Second. What are the benefits and the costs of a restructured GM? Clearly, those who benefit are the employees of GM and the suppliers that keep their jobs. Had GM not received support from the government last fall it is likely that GM would have gone into liquidation. The GM workers and suppliers that lost their jobs would have probably faced pretty high displacement costs and re-employment costs. The currently employed autoworkers gained. If a viable GM emerges, consumers may benefit from the increased competition that keeps prices down as well as an increase in variety. As for the losers. It appears the GM bond holders are likely to come out on the losing end of this deal. Also one wonders if the type of deal will create other problems in capital markets making it more difficult to raise funds. The tax payers may lose as well. If a viable GM emerges and the government sells off its 60% ownership how much revenue is this likely to raise? I suspect it will be less than $50 billion.

    Can GM emerge as a standalone company? Even though GM may be able to strip a fair amount of the debt and legacy costs, they still must overcome some long term problems. They still must comply with all the regulations and CAFE standards imposed on the entire auto industry. More importantly, they must find a business model that works. Growing up GM, I constantly heard how they `now’ understand their competition and how they understand the consumers. In fact, if I had a dollar’s worth of GM bonds for every time I heard this statement, I would own 10% of the company. Will new form of entrepreneurship capital emerge that can reinvent their business model?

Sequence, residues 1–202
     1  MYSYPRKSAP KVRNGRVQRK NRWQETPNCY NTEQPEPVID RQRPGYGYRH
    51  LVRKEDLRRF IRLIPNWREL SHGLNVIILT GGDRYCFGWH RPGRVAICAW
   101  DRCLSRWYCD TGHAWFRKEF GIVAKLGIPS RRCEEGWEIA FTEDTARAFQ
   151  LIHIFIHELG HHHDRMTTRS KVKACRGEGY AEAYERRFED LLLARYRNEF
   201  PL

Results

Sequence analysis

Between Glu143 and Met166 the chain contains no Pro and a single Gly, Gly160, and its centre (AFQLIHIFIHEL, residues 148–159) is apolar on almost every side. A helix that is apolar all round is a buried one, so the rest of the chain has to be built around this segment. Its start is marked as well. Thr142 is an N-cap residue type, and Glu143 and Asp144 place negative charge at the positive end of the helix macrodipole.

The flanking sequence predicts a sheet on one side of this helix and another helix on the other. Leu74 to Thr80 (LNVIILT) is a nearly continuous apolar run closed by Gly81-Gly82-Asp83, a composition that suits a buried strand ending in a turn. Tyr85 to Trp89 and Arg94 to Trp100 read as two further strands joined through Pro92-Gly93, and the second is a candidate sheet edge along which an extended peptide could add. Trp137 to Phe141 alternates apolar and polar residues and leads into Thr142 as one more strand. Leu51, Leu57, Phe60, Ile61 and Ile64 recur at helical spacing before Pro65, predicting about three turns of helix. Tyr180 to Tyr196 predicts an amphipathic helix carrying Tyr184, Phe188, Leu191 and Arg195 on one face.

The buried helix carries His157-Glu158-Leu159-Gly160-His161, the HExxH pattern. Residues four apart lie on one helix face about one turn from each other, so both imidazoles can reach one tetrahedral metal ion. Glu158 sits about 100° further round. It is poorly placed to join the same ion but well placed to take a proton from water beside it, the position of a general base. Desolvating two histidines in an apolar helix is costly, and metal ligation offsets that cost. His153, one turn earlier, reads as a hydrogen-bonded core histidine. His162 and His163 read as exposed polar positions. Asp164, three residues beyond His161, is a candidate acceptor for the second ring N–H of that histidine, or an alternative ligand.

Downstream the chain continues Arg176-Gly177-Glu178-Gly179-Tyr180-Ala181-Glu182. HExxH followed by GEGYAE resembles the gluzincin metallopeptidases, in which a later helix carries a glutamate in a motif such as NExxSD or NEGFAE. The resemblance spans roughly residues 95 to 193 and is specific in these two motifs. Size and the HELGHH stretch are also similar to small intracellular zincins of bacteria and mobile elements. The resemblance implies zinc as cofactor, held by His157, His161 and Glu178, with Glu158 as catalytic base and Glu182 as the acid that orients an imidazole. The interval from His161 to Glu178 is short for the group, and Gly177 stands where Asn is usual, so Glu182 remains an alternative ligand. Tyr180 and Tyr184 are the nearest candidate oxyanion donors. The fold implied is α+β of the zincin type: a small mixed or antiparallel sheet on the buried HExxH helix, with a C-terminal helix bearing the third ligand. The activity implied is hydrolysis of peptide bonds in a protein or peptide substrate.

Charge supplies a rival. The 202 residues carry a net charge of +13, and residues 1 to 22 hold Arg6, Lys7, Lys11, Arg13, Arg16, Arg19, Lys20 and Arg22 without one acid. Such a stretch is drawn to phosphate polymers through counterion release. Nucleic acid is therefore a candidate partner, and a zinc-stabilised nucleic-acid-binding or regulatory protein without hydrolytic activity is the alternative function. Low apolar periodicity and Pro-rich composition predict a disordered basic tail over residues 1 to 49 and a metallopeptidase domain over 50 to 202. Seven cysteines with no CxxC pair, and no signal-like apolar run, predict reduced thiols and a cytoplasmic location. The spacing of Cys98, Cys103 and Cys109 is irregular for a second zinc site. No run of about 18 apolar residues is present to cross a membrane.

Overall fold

Finally how long will the government have ownership in GM. The main problem with government ownership in any company is that that the diverse interests of the government all try to achieve objectives other than producing cars that satisfy the wants of consumers. As a result, this will lead to inefficient production and higher costs; something GM is trying to move away from. I am sure the Obama’s economic team is aware of this and they can move ownership back into the hands of the private sector.

  4. And the real million/billion dollar question is – After all this taxpayer money being shoveled off the truck to keep the corpus alive, will anyone buy the cars NewCo produces ?

    I have my doubts.

  5. “After all this taxpayer money being shoveled off the truck to keep the corpus alive, will anyone buy the cars NewCo produces?”
    That would depend on wether they make products people want at a price people are willing to pay. In other words they need to stop doing what they have been doing for the last decade and start running a bussiness. I doubt Obama Corp will do this.

  6. Does anyone else see a scary resemblance in what happened to GM (unsustainable cost growth of lifetime pensions and retirement health care), and the direction the US government is heading? No doubt the executives of 20 years ago saw that the business plan didn’t work and if left alone, would eventually bankrupt the company. So they left the problem for the next guy…and the next guy.

    If left alone, the US Gov’t will be in the same boat in the not so distant future. I wonder if the Chinese Gov’t will be saying the same thing US taxpayers are now. “How much money are we going to have to dump in? Maybe we should just have let them fail.”

  7. Pingback: Hot Air » Blog Archive » GM enters bankruptcy, creditors howl

  8. Pingback: Just say no to Government Motors, and to the rush to corporatism and socialism that the Obama administration has pushed | Right Voices

  9. Is there an assumption that the projected six million drop in demand for new vehicles will be proportional to the current market shares?